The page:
Give a computer a task that can be crisply defined — win at chess, predict the weather — and the machine bests humans nearly every time. Yet when problems are nuanced or ambiguous, or require combining varied sources of information, computers are no match for human intelligence.
NELL’S TEAM Tom M. Mitchell, center, and, from left, William Cohen, Jayant Krishnamurthy, Justin Betteridge, Derry Wijaya and Bryan Kisiel.
Few challenges in computing loom larger than unraveling semantics, understanding the meaning of language. One reason is that the meaning of words and phrases hinges not only on their context, but also on background knowledge that humans learn over years, day after day.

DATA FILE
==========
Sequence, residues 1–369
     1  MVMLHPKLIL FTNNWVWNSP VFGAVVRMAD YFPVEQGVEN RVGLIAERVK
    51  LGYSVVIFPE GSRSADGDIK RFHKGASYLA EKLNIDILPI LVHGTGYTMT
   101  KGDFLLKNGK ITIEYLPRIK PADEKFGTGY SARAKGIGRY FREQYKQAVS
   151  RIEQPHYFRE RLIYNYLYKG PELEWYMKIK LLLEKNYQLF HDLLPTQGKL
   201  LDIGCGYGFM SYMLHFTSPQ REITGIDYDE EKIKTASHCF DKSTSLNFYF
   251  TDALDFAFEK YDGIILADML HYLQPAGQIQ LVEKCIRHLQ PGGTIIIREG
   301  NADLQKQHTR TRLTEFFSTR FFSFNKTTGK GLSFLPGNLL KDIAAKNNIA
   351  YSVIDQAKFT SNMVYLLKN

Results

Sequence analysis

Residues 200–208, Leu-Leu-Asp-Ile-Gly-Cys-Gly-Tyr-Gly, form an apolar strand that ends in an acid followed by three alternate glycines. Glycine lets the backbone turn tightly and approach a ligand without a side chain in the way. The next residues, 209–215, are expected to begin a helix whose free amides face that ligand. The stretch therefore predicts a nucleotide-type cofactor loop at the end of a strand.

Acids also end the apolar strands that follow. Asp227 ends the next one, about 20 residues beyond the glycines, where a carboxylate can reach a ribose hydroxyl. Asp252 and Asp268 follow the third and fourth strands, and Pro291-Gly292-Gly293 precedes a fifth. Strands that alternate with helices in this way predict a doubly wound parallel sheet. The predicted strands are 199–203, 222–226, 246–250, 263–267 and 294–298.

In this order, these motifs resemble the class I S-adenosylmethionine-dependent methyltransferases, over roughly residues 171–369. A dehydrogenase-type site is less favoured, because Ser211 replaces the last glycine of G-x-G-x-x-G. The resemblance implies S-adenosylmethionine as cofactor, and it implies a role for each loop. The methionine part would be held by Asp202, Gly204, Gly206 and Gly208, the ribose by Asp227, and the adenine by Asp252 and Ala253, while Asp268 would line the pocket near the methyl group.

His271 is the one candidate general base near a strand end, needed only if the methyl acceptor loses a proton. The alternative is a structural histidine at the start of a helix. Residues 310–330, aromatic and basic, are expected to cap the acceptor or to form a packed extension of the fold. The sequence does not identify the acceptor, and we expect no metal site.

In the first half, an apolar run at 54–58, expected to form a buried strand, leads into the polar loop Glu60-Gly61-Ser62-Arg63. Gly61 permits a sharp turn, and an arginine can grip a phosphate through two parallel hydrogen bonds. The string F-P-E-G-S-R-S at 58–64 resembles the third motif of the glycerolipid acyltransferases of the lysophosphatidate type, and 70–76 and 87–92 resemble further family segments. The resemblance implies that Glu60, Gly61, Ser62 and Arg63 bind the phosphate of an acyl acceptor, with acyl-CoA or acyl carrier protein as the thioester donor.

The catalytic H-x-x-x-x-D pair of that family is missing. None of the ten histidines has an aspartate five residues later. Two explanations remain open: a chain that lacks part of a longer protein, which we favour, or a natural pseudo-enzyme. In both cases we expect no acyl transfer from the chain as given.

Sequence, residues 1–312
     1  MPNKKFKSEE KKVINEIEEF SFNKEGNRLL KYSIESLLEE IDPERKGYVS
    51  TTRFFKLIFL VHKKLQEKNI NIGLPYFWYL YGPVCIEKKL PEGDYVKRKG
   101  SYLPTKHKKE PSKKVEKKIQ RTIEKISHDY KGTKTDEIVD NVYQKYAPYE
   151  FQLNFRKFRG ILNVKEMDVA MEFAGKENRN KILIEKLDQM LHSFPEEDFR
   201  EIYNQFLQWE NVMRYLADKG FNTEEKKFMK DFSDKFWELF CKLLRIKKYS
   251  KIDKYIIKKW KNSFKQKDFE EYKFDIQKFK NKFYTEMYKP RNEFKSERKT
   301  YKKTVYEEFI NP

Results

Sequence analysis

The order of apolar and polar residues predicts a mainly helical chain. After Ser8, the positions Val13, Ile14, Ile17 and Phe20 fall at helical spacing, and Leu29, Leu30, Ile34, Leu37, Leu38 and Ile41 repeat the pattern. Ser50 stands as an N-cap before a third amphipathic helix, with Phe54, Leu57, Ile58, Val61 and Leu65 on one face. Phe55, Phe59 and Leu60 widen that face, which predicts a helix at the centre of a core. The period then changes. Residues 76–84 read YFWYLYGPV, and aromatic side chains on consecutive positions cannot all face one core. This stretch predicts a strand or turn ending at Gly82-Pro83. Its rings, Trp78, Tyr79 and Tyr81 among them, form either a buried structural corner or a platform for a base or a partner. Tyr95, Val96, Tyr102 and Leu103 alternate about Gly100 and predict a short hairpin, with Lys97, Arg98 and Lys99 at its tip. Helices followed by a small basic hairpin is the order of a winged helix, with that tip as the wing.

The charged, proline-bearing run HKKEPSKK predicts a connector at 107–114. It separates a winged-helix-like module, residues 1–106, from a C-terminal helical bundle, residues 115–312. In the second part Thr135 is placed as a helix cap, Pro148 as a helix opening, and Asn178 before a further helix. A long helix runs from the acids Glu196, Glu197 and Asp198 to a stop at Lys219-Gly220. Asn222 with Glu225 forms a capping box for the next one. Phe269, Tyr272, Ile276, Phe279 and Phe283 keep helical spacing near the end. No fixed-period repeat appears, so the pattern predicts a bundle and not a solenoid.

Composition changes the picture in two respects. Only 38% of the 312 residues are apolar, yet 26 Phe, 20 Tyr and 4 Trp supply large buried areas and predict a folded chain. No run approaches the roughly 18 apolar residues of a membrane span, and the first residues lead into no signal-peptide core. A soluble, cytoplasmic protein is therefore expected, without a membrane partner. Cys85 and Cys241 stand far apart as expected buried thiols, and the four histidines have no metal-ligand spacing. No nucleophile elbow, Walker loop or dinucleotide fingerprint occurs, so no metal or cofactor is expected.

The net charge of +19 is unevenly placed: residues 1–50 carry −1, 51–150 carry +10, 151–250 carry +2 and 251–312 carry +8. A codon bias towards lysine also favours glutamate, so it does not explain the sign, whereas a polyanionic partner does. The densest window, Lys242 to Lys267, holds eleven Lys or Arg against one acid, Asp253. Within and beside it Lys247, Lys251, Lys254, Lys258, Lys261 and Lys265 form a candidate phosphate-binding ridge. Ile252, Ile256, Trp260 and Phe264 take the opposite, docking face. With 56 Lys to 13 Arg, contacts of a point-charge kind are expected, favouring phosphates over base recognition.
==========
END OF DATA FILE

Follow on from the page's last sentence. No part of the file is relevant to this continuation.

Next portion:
Since the start of the year, a team of researchers atCarnegie Mellon University — supported by grants from theDefense Advanced Research Projects Agency andGoogle, and tapping into a research supercomputing cluster provided byYahoo — has been fine-tuning a computer system that is trying to master semantics by learning more like a human. Its beating hardware heart is a sleek, silver-gray computer — calculating 24 hours a day, seven days a week — that resides in a basement computer center at the university, in Pittsburgh.